Stop the boat, then using the menu or the touch screen to spot lock on that waypoint from your Humminbird.  As the boat drives itself to that waypoint, I have time to grab my fishing rod and be ready to fish when the boat arrives to that fish.  It is amazing how many times you will catch that fish.


Understanding Sonar 3/19/2016 Posted on March 19, 2016

Sonar Training Humminbird Snapshot

Black arrow is a fish close to the bottom
Red arrows are air bubbles
Green arrow is bait or fish on edge of sonar cone

Fish close to the bottom display as bumps on the bottom.
Air bubbles are caused by decaying matter at the bottom and show up as diagonal lines.
Bait or fish on the edge of the cone display as blurry and not dense with unusual looking arches.

Humminbird Sonar interpretaion

by Bruce Samson under humminbird humminbird sonar

Humminbird ONIX AutoChart Live Review Posted on June 05, 2015

Since I now live on a lake I decided to map it with AutoChart Live on my Humminbird ONIX. I use a zero lines SD card to record the data to since at the present time if you record to the internal memory you can’t get the data exported.
I started mapping the closest area before I went out fishing and mapping.
This image is showing the start of the mapping. The single colored bands are one pass.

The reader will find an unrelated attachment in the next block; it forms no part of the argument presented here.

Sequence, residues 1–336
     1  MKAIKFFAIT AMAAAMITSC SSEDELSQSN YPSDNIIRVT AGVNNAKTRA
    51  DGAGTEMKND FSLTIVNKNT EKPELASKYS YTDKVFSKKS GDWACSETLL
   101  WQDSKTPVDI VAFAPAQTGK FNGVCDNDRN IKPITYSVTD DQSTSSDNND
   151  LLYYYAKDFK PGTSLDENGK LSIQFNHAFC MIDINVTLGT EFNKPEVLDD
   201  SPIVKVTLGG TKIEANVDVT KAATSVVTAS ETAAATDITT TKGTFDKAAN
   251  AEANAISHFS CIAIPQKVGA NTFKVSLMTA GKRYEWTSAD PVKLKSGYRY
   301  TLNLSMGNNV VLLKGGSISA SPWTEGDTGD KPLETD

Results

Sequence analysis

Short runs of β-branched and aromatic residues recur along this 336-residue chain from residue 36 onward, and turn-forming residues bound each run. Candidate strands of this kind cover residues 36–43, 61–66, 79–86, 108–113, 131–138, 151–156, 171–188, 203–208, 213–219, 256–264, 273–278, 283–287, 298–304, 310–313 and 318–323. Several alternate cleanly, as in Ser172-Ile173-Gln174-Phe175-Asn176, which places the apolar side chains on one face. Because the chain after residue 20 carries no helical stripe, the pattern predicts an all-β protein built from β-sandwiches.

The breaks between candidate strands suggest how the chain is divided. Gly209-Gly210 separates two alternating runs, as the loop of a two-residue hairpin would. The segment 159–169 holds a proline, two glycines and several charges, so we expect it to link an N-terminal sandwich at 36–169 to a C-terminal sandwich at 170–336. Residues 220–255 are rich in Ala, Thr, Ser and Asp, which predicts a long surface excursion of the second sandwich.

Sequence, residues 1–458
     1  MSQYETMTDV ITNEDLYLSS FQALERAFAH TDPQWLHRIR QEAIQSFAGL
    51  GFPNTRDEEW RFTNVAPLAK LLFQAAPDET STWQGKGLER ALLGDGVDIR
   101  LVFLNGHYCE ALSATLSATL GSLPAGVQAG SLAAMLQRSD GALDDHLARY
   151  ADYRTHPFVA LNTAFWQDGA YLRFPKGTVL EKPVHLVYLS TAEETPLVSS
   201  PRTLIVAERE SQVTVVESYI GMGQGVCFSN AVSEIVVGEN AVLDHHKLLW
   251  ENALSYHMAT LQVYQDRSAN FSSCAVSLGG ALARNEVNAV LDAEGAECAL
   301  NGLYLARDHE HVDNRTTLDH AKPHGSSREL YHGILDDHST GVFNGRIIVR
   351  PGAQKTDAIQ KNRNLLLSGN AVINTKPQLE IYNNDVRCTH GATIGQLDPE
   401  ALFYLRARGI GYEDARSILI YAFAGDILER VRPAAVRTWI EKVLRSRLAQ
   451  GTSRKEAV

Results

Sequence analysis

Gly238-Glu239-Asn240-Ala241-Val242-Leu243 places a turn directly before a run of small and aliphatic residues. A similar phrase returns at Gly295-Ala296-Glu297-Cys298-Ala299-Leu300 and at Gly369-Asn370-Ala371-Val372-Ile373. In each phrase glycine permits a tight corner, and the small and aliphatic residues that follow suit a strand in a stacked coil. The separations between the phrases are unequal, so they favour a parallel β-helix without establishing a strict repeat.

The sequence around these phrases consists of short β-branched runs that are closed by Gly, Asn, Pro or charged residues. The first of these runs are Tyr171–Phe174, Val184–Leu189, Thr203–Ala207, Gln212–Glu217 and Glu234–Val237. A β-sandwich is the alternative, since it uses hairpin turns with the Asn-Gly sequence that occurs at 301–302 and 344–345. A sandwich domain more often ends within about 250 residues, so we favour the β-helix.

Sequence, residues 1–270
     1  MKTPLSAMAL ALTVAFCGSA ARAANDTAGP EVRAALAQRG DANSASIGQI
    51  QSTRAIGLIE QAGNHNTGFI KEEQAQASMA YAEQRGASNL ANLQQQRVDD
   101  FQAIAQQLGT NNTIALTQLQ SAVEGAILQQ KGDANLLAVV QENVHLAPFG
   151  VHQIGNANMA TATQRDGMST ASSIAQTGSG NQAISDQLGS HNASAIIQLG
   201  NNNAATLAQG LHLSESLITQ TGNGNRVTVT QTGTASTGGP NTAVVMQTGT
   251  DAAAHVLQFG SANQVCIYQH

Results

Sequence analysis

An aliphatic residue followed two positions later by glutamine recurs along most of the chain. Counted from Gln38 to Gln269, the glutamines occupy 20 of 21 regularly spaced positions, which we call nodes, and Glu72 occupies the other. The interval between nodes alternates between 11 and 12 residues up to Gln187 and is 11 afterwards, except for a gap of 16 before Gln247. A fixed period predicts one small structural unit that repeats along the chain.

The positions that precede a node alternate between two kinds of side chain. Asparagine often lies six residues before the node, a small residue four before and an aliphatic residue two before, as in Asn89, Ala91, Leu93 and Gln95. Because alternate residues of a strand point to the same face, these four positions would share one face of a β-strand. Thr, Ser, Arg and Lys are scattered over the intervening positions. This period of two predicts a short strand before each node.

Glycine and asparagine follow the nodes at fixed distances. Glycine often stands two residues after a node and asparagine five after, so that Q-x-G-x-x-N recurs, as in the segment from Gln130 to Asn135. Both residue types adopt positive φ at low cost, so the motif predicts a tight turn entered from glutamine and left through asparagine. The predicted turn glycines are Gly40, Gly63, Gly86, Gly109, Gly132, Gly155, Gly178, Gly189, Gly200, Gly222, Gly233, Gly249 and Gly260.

Notice the improvement as I collect more data.

I used to do this with DrDepth and my laptop but using AutoChart Live is much easier.
I have found a few spots not on the regular Navionics and Lowrance map chips and I plan to keep this map just for me since I like eating fish and secret spots are a treasure to be protected for my family.
I suspect it will take all year to map the lake accurately since I stop to fish since fishing is more important than mapping.

The process is very easy, press menu and select AutoChart Live, and this menu allows you to select record which starts the process and make sure you have the AutoChart Live box checked.
Notice the Save Location box, you select this and I recommend using a AutoChart zero line card to record instead of the internal memory so you have your recorded data for later use. The internal memory only allows 8 hours of recording time.

This is not a toy but an important fishing tool for structure fishermen.

Interpreting Sonar - Hummingbird GPS Posted on June 05, 2015

Do you think this is a good spot to fish? Make a guess what you see, I am fishing vertical in waves so everything is wavy looking. The screenshots are from Humminbird ONIX with the all in one transducer using 200 kHz. The Lowrance Gen 3 is using the Airmar TM150 transducer on fixed frequency 145 kHz. I run both at the same time for comparison and if I see a fish on just one transducer I know which side of the boat it is on!!!!